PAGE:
Equity investors just endured the worst first six months of any year since 1970. This occurred despite a “Bear Market” rally in May. For the month, the S&P 500 was down -8.4% (see last column of table) as was the Russell 2000, with the Nasdaq down -8.7% and the DJIA -6.7%. All the indexes except the DJIA are in “Bear Markets” (see second from last column).

This isn’t any wonder. The incoming data has shown significant deterioration and major data revisions have all been to the downside.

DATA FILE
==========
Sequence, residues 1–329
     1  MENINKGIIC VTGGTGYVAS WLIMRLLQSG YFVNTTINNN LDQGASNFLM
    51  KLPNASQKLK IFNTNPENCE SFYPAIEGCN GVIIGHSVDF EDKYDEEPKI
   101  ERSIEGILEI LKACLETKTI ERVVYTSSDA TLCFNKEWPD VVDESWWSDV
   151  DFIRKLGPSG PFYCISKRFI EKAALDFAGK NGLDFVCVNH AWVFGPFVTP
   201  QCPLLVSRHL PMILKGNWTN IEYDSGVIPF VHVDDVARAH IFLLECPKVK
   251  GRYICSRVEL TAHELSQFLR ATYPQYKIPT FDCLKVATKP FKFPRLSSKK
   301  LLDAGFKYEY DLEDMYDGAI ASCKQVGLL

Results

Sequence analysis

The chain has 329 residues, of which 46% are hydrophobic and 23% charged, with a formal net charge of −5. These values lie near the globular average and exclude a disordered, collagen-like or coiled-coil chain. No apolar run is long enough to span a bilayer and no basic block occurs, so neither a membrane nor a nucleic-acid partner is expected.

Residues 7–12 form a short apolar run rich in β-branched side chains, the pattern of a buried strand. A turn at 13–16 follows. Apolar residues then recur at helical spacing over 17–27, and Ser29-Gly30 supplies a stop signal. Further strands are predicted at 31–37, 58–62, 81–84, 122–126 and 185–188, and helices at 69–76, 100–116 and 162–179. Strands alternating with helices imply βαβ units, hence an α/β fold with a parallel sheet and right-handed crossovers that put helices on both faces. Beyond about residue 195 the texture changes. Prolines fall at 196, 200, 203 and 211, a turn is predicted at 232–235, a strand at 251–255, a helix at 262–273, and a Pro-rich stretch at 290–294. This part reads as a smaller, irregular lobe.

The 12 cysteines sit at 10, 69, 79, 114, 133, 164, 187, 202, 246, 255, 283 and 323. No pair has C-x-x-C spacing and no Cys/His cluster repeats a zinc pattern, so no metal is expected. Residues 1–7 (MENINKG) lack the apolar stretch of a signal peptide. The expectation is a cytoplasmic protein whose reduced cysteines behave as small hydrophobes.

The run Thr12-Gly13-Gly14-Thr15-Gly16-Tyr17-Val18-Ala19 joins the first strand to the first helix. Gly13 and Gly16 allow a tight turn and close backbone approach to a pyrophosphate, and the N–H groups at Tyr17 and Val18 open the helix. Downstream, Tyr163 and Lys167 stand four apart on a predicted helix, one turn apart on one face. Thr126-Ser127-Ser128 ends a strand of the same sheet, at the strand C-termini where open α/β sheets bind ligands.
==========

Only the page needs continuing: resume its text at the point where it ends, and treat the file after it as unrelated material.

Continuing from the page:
The latest GDP revision for Q1 put the quarter deeper into negative territory at -1.6% (the initial estimate was -1.3% and the first revision was -1.5%). Worse, consumption, which has been the buoyancy for economic growth, was revised down to +1.8% for Q1 from +3.1%. That means a much weaker handoff from Q1 to Q2. And, given what we are seeing from the high frequency data, it looks very much to us that Q2 GDP growth will also be negative. The NY Fed’s model shows an 80% probability of a Recession, and the Fed’s Atlanta Reserve Bank’s GDPNow model puts Q2 GDP growth at -1%. If that is close, that would be two quarters in a row of negative GDP growth. While the National Bureau of Economic Research (NBER) is the final arbiter of recession start and end dates, the markets’ rule of thumb has always been two consecutive quarterly negative GDP growth prints. Thus, our view for the past few months (as discussed in this blog), that we were likely already in Recession, appears to be on the cusp of validation.

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